3. Make your north star metrics measurable:

To be effective, your north star metrics should be measurable. This means that you should be able to quantify and track your progress toward the goals you’ve set. If your north star metric is revenue growth, the information you need to measure it is more or less built into company financial statements. However, measuring something like social impact or customer satisfaction might require you to set more creative parameters for your metrics. For example, how you measure customer satisfaction can be through any number of methods or even combinations of methods: e.g., number of repeat customers, customer satisfaction survey results, customer reviews. A metric like social impact would require you to clearly define what sort of social impact you want to make and to what degree. Are you reducing pollution? Will you measure the amount of garbage or recyclable materials you’ve collected? Will you commission water quality tests? You will need to decide what measurements make the most sense for your business.

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4. Set targets for your north star metrics:

In addition to being measurable, your north star metrics should also have clear targets. These targets should be ambitious but achievable, providing a roadmap for your business’s growth and success. For example, if your north star metric is revenue growth, you might set a target to double your revenue over the next three years. Or if you want to focus on customer satisfaction you may want to work to increase your percentage of repeat customers within that same time frame.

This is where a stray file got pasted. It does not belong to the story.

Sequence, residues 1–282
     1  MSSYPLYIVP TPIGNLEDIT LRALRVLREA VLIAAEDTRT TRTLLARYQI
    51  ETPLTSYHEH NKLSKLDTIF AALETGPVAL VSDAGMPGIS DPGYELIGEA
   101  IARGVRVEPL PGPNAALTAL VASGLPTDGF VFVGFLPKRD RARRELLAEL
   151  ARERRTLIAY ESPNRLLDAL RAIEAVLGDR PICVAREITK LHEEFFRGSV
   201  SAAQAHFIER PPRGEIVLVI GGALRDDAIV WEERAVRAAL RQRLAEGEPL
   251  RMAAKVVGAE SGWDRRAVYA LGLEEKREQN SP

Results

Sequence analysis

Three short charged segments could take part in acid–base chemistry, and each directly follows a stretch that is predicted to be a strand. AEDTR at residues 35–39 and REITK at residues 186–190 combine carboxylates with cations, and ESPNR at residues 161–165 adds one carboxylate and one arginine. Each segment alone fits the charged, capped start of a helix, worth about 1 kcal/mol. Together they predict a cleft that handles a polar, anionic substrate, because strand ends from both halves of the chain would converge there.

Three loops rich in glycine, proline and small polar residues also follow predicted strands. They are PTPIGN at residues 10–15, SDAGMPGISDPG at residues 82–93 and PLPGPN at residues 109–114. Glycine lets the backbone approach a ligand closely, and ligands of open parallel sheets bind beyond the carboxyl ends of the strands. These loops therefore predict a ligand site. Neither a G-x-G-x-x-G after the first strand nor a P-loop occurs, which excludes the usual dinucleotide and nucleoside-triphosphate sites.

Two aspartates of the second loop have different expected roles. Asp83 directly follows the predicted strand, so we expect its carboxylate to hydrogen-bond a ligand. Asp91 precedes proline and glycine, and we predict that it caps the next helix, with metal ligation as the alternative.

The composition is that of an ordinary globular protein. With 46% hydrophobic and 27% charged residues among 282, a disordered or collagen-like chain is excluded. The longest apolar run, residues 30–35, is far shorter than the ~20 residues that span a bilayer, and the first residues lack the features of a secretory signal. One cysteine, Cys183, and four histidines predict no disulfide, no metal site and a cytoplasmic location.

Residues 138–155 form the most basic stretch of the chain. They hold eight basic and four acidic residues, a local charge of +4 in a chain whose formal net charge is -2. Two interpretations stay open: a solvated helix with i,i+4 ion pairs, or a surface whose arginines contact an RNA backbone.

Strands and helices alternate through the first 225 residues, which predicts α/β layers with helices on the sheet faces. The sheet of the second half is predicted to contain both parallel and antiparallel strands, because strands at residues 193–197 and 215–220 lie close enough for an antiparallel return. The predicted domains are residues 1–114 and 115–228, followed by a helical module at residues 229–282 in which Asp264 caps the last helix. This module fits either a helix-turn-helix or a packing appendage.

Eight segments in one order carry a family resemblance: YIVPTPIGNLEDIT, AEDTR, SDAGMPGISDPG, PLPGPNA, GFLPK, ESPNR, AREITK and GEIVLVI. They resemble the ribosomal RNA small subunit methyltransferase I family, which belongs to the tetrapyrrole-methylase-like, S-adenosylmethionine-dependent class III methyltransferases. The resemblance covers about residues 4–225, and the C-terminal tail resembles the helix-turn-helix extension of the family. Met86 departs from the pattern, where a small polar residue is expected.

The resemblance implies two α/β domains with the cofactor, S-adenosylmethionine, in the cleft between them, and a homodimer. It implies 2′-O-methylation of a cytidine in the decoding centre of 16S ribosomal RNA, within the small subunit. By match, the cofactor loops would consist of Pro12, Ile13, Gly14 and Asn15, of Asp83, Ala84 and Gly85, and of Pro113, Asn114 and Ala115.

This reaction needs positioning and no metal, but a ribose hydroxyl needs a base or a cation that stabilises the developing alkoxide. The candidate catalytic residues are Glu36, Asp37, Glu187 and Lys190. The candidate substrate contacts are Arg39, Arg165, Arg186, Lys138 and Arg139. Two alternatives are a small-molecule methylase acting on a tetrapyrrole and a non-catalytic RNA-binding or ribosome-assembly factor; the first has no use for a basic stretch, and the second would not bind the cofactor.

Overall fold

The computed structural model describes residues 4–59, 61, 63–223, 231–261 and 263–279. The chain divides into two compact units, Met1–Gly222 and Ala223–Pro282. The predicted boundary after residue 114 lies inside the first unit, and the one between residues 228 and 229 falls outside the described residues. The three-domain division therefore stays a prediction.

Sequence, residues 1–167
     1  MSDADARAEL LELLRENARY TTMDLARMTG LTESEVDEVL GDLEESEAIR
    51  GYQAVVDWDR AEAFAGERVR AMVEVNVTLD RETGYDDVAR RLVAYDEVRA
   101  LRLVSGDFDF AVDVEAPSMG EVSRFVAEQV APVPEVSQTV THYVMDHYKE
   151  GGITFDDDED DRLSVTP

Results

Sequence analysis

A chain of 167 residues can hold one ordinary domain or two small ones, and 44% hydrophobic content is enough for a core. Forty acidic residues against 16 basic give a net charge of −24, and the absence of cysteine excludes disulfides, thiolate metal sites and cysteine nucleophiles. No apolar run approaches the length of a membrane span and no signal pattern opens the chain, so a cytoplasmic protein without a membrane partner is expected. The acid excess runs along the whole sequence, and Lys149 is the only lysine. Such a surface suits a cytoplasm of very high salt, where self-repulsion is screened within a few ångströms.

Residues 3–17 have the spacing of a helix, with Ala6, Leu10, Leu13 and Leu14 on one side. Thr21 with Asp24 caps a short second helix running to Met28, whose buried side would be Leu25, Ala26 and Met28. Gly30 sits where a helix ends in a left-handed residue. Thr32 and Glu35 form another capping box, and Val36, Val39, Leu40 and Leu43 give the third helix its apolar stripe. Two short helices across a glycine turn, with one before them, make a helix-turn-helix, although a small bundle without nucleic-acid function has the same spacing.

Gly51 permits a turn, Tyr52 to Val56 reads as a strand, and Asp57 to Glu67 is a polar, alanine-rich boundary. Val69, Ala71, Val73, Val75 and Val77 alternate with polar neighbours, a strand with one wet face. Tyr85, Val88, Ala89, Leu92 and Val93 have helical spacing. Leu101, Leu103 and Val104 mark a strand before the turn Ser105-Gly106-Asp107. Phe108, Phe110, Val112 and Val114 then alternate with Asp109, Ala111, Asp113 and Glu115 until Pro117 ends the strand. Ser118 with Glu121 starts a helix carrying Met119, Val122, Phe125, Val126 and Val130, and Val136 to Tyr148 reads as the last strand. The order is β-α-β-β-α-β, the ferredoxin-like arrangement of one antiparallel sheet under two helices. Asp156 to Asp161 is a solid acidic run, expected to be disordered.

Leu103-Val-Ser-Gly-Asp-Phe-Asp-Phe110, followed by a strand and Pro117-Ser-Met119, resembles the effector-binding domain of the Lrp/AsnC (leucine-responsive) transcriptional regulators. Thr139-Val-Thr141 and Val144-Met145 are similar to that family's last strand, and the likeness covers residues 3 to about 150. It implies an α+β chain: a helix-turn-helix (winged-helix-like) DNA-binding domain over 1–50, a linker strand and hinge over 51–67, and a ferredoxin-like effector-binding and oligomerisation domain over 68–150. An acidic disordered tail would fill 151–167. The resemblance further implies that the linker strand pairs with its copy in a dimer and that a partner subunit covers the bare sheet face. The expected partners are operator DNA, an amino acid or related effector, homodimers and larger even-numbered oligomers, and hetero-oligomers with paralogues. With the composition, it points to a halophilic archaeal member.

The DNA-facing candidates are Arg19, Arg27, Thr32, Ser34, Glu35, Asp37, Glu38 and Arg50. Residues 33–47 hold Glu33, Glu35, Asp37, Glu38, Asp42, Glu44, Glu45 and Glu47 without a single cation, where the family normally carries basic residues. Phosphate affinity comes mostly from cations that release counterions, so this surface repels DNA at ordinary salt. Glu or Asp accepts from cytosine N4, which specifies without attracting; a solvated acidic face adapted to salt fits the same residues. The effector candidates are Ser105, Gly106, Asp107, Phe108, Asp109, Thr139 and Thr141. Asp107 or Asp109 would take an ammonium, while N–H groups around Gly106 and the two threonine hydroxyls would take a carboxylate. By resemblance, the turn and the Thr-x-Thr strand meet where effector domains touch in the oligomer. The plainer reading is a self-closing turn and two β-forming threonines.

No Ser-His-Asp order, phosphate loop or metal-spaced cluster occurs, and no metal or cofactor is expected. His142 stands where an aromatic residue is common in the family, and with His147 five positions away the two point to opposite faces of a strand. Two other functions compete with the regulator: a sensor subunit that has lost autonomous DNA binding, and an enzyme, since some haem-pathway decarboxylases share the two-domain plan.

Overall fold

5. Monitor and review your north star metrics:

Finally, it is important to regularly monitor and review your north star metrics to ensure that you are making progress toward achieving your goals. This may involve tracking KPIs, gathering feedback from customers and employees, conducting regular business reviews, or any combination of these methods. By staying focused on your north star metrics and making adjustments as needed, you can ensure that your business stays on track and achieves its long-term goals.

Benefits of North Star Metrics

Once you have determined and implemented your north star metrics as described above, they can provide you with several advantages as you move forward with your business.